Study: Fracking prompts global spike in atmospheric methane
By Blaine Friedlander
As methane concentrations increase in the Earth’s atmosphere, chemical fingerprints point to a probable source: shale oil and gas, according to new Cornell research published Aug. 14 in Biogeosciences, a journal of the European Geosciences Union.
The research suggests that this methane has less carbon-13 relative to carbon-12 (denoting the weight of the carbon atom at the center of the methane molecule) than does methane from conventional natural gas and other fossil fuels such as coal.
This carbon-13 signature means that since the use of high-volume hydraulic fracturing – commonly called fracking – shale gas has increased in its share of global natural gas production and has released more methane into the atmosphere, according to the paper’s author, Robert Howarth, the David R. Atkinson Professor of Ecology and Environmental Biology at Cornell.
About two-thirds of all new gas production over the last decade has been shale gas produced in the United States and Canada, he said.
While atmospheric methane concentrations have been rising since 2008, the carbon composition of the methane has also changed. Methane from biological sources such as cows and wetlands have a low carbon-13 content – compared to methane from most fossil fuels. Previous studies erroneously concluded that biological sources are the cause of the rising methane, Howarth said.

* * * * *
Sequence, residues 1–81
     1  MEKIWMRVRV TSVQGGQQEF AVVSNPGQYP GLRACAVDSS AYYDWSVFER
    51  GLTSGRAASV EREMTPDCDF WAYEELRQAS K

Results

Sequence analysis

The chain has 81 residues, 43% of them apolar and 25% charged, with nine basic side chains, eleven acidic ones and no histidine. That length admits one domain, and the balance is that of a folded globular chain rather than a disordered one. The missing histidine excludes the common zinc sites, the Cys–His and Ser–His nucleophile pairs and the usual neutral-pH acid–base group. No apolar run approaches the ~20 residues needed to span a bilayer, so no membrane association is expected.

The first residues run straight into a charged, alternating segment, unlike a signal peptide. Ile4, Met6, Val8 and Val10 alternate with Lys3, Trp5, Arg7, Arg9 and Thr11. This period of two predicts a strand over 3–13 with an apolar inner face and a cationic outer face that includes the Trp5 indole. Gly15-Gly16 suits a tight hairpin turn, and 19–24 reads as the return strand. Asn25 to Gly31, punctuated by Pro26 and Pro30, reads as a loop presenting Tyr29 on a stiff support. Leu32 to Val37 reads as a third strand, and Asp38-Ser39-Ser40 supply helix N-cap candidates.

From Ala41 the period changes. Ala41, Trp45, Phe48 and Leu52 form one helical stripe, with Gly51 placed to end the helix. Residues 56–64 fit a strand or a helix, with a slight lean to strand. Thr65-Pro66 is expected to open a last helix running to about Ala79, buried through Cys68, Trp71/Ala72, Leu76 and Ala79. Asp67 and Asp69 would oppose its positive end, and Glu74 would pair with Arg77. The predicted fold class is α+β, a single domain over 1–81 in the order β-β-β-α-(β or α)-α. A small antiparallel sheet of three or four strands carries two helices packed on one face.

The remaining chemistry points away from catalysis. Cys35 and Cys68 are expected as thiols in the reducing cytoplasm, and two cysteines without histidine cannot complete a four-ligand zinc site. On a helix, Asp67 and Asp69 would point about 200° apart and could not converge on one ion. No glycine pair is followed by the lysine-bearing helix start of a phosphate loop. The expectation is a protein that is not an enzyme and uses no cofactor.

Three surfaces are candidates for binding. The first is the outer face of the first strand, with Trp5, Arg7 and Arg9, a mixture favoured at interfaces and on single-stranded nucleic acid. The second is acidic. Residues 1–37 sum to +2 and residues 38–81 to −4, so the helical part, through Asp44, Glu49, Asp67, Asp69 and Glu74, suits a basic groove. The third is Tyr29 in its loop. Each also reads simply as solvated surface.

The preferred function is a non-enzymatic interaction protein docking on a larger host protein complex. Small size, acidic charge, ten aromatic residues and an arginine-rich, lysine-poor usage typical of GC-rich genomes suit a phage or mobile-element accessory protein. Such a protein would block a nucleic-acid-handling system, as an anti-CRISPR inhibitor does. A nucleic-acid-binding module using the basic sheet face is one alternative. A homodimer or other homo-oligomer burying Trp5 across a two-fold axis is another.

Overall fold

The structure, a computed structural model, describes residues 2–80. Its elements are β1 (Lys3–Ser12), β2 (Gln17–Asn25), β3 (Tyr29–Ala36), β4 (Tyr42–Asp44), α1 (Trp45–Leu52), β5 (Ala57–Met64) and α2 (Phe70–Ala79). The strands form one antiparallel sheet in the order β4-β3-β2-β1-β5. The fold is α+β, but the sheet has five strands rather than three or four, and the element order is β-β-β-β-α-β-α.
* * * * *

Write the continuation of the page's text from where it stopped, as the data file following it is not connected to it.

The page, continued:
Carbon dioxide and methane are critical greenhouse gases, but they behave quite differently in the atmosphere. Carbon dioxide emitted today will influence the climate for centuries to come, as the climate responds slowly to decreasing amounts of the gas.
Unlike its slow response to carbon dioxide, the atmosphere responds quickly to changes in methane emissions.
“Reducing methane now can provide an instant way to slow global warming and meet the United Nations’ target of keeping the planet well below a 2-degree Celsius average rise,” Howarth said, referring to the 2015 Paris Agreement that boosts the global response to climate change threats.
Atmospheric methane levels had previously risen during the last two decades of the 20th century but leveled in the first decade of 21st century. Then, atmospheric methane levels increased dramatically from 2008-14, from about 570 teragrams (570 billion tons) annually to about 595 teragrams, due to global human-caused methane emissions in the last 11 years.
“This recent increase in methane in massive,” Howarth said. “It’s globally significant. It’s contributed to some of the increase in global warming we’ve seen and shale gas is a major player.
“If we can stop pouring methane into the atmosphere, it will dissipate,” he said. “It goes away pretty quickly, compared to carbon dioxide. It’s the low-hanging fruit to slow global warming.”
This research was funded by the Park Foundation and the Atkinson Center.